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Nance v. Werlich

United States District Court, S.D. Illinois

November 18, 2019

JIMMY LAWRENCE NANCE, #03781-084, Petitioner,
v.
T.G. WERLICH, Respondent.

          MEMORANDUM AND ORDER

          STACI M. YANDLE, UNITED STATES DISTRICT JUDGE.

         Petitioner Jimmy Lawrence Nance, an inmate currently incarcerated at the United States Penitentiary located in Greenville, Illinois, brings this habeas corpus action pursuant to 28 U.S.C. § 2241. He asserts actual innocence with respect to the conviction and sentence imposed in United States v. Nance, No. 92-CR-00135-JPJ-1 (W.D. Va. 1993) (“Criminal Case”). (Doc. 1, p. 5).

         This matter is now before the Court for review of the Petition pursuant to Rule 4 of the Federal Rules Governing § 2254 Cases in United States District Courts, which provides that upon preliminary consideration by the district judge, “[i]f it plainly appears from the petition and any attached exhibits that the petitioner is not entitled to relief in the district court, the judge must dismiss the petition and direct the clerk to notify the petitioner.” Rule 1(b) gives this Court the authority to apply the rules to other habeas corpus cases.

         Procedural Background [1]

         In 1993, a jury found Nance guilty of first-degree murder of a United States Postal employee engaged in the performance of her official duties and he was sentenced to life imprisonment. See 18 U.S.C. §§ 1111, 1114; Criminal Case, Doc. 61. The Fourth Circuit Court of Appeals affirmed his sentence and conviction. United States v. Nance, 67 F.3d 298 (4th Cir. 1995) (unpublished), cert. denied, 516 U.S. 1136 (1996). Since then, Nance has raised numerous unsuccessful challenges to his conviction and sentence pursuant to 28 U.S.C. § 2255 and has repeatedly sought relief from the Fourth Circuit Court of Appeals.[2] See also Nance v. Thomas, No. 15-cv-05099-BHH, at Doc. 42, p. 2 (D.S.C. Dec. 8, 2016) (dismissing § 2241 petition and discussing case history). Nance has filed several other § 2241 petitions in Texas and South Carolina, [3] and has used various names to file his claims: “Jimmy Lawrence Nance, Jimmy L. Nance, James Lawrence Nance, and Jim L. Nance.” Nance v. Dove, No. 00-cv-03371-HMH, at Doc. 5, p. 3 (D.S.C. Nov. 30, 2000).[4]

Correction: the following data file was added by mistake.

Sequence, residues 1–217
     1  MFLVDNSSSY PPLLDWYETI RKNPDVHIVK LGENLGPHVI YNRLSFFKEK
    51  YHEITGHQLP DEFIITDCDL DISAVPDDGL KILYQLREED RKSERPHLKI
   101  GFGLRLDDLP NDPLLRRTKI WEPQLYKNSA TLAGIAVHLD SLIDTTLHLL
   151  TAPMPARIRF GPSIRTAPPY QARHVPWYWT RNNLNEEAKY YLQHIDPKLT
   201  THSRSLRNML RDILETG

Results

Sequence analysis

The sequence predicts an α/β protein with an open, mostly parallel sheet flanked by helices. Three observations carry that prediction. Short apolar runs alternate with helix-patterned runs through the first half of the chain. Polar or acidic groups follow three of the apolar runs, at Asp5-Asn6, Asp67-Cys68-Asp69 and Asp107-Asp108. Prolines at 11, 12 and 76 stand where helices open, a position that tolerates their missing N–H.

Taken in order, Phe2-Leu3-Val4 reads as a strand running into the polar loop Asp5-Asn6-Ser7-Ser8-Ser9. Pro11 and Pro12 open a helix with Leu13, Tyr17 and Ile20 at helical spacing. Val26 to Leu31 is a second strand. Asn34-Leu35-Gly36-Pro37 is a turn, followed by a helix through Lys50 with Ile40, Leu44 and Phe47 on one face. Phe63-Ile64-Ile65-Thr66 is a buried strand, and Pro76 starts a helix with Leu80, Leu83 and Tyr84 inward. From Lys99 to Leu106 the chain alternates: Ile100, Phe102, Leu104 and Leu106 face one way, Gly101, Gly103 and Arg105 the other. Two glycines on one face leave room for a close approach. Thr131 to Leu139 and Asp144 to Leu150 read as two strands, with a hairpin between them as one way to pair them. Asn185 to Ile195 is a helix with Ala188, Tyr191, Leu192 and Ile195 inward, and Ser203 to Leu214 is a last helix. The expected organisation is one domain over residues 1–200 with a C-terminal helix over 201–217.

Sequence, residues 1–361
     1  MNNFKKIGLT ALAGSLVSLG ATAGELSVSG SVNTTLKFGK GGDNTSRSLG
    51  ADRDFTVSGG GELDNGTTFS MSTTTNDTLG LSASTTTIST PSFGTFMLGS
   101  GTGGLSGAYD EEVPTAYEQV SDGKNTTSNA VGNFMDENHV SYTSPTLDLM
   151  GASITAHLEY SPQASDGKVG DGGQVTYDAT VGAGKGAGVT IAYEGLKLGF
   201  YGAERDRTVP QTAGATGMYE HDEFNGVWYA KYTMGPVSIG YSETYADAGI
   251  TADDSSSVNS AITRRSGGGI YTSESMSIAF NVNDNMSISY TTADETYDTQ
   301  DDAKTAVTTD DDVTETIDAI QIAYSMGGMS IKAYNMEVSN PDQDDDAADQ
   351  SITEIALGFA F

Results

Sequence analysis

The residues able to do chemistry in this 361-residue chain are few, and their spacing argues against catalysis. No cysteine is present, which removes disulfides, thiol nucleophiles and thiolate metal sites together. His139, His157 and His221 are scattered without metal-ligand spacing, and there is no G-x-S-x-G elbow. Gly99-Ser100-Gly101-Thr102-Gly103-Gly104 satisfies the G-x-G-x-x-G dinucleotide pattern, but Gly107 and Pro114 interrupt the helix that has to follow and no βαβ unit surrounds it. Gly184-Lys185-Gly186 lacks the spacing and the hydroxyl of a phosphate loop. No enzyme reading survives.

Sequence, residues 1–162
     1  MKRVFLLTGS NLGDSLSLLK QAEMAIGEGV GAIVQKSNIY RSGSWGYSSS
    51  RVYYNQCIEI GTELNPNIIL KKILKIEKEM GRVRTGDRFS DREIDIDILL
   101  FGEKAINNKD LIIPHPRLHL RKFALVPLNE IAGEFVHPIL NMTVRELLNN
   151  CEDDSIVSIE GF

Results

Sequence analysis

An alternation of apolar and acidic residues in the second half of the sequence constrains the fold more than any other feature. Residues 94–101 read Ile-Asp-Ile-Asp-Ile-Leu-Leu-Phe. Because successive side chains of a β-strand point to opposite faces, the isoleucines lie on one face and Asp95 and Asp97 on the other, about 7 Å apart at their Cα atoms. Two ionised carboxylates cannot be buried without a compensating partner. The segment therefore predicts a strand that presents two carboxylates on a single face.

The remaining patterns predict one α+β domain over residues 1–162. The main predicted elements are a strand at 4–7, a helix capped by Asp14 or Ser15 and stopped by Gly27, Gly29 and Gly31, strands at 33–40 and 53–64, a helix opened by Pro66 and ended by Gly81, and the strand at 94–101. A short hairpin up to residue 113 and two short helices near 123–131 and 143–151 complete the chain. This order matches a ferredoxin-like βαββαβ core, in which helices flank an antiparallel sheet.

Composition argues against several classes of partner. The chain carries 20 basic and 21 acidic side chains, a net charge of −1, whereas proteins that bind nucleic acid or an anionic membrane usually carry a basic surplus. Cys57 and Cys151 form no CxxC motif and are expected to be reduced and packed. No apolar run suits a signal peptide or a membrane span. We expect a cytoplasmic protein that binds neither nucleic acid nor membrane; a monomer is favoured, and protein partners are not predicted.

Discussion

         Generally, petitions for writ of habeas corpus under 28 U.S.C. § 2241 may not be used to raise claims of legal error in conviction or sentencing, but are instead limited to challenges regarding the execution of a sentence. See Valona v. United States, 138 F.3d 693, 694 (7th Cir. 1998). Aside from the direct appeal process, a § 2255 motion is ordinarily the “exclusive means for a federal prisoner to attack his conviction.” Kramer v. Olson, 347 F.3d 214, 217 (7th Cir. 2003). A prisoner is generally limited to one challenge of his conviction and sentence under § 2255 and may not file a “second or successive” § 2255 motion unless a panel of the appropriate court of appeals certifies that such motion either 1) contains newly discovered evidence “sufficient to establish by clear and convincing evidence that no reasonable factfinder would have found the movant guilty of the offense, ” or 2) invokes “a new rule of constitutional law, made retroactive to cases on collateral review by the Supreme Court, that was previously unavailable.” 28 U.S.C. § 2255(h).

         Under very limited circumstances, it is possible for a prisoner to challenge his federal conviction or sentence under § 2241. 28 U.S.C. § 2255(e) contains a “savings clause” under which a federal prisoner can file a § 2241 petition when the remedy under § 2255 is “inadequate or ineffective to test the legality of his detention.” 28 U.S.C. § 2255(e). See United States v. Prevatte, 300 F.3d 792, 798-99 (7th Cir. 2002). The Seventh Circuit construed the savings clause in In re Davenport, 147 F.3d 605, 611 (7th Cir. 1998): “A procedure for postconviction relief can be fairly termed inadequate when it is so configured as to deny a convicted defendant any opportunity for judicial rectification of so fundamental a defect in his conviction as having been imprisoned for a nonexistent offense.”

         Following Davenport, a petitioner must meet three conditions to trigger the savings clause. First, he must show that he relies on a new statutory interpretation case rather than a constitutional case. Secondly, he must show that he relies on a decision that he could not have invoked in his first § 2255 motion and that case must apply retroactively. Lastly, he must demonstrate that there has been a “fundamental defect” in his conviction or sentence that is grave enough to be deemed a miscarriage of justice. Brown v. Caraway, 719 F.3d 583, 586 (7th Cir. 2013). See also Brown v. Rios, 696 F.3d 638, 640 (7th Cir. 2012). In other words, something more than a lack of success with a § 2255 motion must exist before the savings clause is satisfied.” See Webster v. Daniels, 784 F.3d 1123, 1136 (7th Cir. 2015).